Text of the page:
If you have a lot of photos, music, videos, or other files, you may want to create a list of them, and perhaps print it. Here’s how to do it in Windows 10.
Open the folder in Explorer and click File, then ‘Open command prompt’ or Open Windows PowerShell, depending on the one you have.
Like in my case I have a folder named “PhotoshopPortable” on the E drive. So open the folder and click on the File > Open Command prompt here.
At the prompt, type dir >FileList.txt and press Enter.
Now just open the same folder, now you have your all folder and file list.
To list everything in the folder and subfolders, type dir /s >FileList.txt.
The result is a text file called FileList.txt, which you’ll find in the folder you started working from. Open it in Notepad and you can print it from there. If there’s too much information for you, try typing dir /s /b >FileList.txt, which strips out a lot of the data.
You can use the same commands in other versions of Windows but you need to make sure you’re in the correct folder.
Print lists of Files with Karen’s Directory Printer (KDP)
There is a free program called Karen’s Directory Printer (KDP) (Download Here) for tricky jobs, such as printing a list of all files in a particular folder.
Windows has never offered a solution as refined and sensible as KDP’s, which lets you create lists featuring the names, sizes, creation dates, and more of some or all the files in any directory.
KDP’s strength is that it focuses on this single task and offers plenty of customization, so you have complete control over exactly what you want to print.
I. Jump past KDP’s welcome screen and go straight to Print. The tool looks cluttered but it’s easy to navigate, with seven clearly labeled sections.
The main areas to look at are ‘Select a Folder’, Print Options, File Info, and Folder Info, and ‘Sort Files by’. For basic prints, work through each of these, moving from left to right until you’re ready to print.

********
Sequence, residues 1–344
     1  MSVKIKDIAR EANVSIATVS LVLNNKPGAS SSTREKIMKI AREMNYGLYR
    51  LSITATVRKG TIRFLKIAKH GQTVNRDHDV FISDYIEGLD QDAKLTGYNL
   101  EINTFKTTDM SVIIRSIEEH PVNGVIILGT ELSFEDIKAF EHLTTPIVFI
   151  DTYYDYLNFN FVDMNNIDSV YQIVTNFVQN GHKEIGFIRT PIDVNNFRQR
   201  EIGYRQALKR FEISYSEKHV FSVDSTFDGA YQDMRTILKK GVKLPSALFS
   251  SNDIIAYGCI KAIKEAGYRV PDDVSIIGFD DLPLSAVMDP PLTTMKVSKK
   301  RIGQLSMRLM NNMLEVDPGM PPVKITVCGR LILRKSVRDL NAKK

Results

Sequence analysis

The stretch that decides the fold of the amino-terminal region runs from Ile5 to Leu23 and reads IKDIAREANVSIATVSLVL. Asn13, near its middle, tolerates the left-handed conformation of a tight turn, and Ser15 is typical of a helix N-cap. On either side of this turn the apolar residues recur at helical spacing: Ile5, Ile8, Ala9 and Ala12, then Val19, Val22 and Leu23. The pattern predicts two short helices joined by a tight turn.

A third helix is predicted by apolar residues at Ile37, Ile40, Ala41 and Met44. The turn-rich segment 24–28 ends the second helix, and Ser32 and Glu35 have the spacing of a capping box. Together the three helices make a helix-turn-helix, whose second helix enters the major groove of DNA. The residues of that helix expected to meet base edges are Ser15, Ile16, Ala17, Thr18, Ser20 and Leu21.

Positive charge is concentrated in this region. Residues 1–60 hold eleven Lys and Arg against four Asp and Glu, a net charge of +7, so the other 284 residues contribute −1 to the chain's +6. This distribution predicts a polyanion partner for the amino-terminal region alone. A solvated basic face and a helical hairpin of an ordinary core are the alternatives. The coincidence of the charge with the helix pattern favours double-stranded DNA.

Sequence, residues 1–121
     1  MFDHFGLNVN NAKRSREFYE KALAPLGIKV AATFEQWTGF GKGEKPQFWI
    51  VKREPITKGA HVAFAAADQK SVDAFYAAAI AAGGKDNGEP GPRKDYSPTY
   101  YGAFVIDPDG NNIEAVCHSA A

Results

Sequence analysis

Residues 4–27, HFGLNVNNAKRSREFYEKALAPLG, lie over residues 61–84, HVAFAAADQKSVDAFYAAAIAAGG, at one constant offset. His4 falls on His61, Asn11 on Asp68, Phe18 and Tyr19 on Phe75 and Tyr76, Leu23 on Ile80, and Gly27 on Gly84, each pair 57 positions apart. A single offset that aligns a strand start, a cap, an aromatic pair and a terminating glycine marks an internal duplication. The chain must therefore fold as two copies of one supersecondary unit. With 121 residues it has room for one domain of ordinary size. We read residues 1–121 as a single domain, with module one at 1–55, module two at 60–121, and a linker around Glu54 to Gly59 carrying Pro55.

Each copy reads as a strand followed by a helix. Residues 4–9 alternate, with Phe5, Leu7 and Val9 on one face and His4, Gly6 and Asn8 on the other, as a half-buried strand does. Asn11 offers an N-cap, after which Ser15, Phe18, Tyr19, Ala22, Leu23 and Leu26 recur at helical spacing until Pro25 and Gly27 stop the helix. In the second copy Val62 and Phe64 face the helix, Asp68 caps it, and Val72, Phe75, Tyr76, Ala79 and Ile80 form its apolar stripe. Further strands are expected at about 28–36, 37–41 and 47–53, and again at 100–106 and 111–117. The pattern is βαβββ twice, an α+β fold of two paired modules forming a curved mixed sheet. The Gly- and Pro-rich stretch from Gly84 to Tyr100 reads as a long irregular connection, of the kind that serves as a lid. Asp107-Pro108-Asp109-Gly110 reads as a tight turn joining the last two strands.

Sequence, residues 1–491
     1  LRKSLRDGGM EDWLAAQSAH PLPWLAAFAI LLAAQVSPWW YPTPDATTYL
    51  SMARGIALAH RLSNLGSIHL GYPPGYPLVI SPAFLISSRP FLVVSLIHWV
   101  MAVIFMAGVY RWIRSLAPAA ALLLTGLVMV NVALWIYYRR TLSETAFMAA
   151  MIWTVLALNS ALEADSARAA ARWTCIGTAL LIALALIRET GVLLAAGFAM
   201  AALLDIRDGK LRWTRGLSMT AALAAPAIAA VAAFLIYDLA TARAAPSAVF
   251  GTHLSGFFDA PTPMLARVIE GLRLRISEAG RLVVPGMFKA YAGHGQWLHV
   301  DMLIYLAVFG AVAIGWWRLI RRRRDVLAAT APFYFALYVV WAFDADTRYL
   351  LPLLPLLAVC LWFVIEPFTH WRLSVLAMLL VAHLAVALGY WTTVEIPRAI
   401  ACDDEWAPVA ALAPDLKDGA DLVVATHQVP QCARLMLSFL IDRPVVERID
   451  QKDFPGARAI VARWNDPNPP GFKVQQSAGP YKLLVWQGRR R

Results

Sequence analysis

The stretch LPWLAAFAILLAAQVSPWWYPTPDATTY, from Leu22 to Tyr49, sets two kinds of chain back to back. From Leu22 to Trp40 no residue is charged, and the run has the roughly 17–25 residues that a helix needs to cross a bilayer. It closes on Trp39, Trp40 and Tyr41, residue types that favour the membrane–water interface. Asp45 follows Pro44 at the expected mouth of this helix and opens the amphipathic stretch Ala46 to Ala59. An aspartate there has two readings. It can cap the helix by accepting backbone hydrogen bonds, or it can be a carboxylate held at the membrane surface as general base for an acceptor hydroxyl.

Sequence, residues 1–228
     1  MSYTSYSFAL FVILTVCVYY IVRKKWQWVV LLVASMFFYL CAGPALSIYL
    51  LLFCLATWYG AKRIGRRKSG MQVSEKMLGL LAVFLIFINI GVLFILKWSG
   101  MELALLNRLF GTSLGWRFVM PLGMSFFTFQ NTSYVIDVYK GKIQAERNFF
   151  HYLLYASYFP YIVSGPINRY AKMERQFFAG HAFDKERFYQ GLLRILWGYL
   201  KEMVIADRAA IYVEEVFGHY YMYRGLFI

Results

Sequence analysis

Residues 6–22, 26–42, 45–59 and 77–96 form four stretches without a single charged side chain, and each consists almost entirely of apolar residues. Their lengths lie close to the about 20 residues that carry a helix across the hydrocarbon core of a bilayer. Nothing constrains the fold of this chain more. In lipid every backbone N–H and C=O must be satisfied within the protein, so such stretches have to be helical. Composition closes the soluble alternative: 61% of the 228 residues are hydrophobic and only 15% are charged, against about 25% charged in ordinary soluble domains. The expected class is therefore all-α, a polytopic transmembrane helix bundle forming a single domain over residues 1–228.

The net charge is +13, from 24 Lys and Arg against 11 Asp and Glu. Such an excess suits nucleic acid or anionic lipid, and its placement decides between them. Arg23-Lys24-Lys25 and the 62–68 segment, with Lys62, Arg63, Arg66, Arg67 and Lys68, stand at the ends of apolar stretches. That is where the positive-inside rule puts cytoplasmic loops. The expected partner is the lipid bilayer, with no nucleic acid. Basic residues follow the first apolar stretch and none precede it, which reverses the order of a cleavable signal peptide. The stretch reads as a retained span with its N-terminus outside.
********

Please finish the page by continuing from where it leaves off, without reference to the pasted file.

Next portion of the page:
2. In the ‘Select a Folder’ section, choose the folder or file you want to print. The full file path is shown under Selected Folder.
Ticking Show Network adds the Network folder to the File Explorer tree view, with subfolders for Microsoft Terminal Services, Microsoft Windows Network and Web Client Network.
3. If you get lost in the ‘Select a Folder’ window, use the File Filter option. By clicking its drop-down menu, you can zero in on specific file types. You can also make your own filter rules by clicking the Edit button.
4. In the Edit section, you can create a new filter, or edit or delete existing ones. Highlight your chosen filter and click Edit File Filter to open the File Filter window.
You can change the Description and add file-type wildcards, each starting with an asterisk (such as * .mp3) clicking Add Wildcard after each selection. When you’re set, click Done.
5. To determine what’s displayed on your print-out, go to the Print Options. The top section uses a series of radio buttons to determine whether to print information about your files, folders, or both.
The tick boxes below let you add or remove additional elements, such as hidden files and
6. Beneath the Print Options, in the ‘Sort Files by’ section, use the drop-down menu to choose whether to order your directory by File Name, Date Created, and so on.
You can choose to switch between A to Z ordering, or Z to A. Should you have a preference, Formatting lets you alter the print-out’s appearance.
7. The File Info and Folder Info tabs show you what information is included in your print-out. Some of these elements are pre-selected and include the kind of default details you’d expect, such as File Name and File Size.
Toggle between the tabs, using the tick boxes to add or remove details of what to include in the print-out.
8. Before you finally click Print, II give everything a last check – you don’t want to inadvertently print your entire C: drive!
If you’d prefer a digital copy of a directory, move to the ‘Save to Disk’ tab and follow the same steps as before but select ‘Save to Disk’ to complete the process. You can then print your digital directory later if you want.
9. To print a list of processes running in the Windows Task Manager, open Command Prompt as an administrator. Type tasklist/SVC>C: \tasklist.csv and press Enter. Navigate to your C: drive,
where an Excel file called ‘tasklist’ is saved. You can generate a text file by using the
command tasklist/SVC>C : \tasklist. txt. Select Print.
10. Without dedicated software, printing your BIOS relies on Print Screen, but simply pressing the keyboard won’t work.
With a FAT32-formatted USB inserted, boot up your PC and enter the BIOS. Press F12 to create a screenshot that’s saved to the pen drive. This can then be pasted and printed via an image viewer.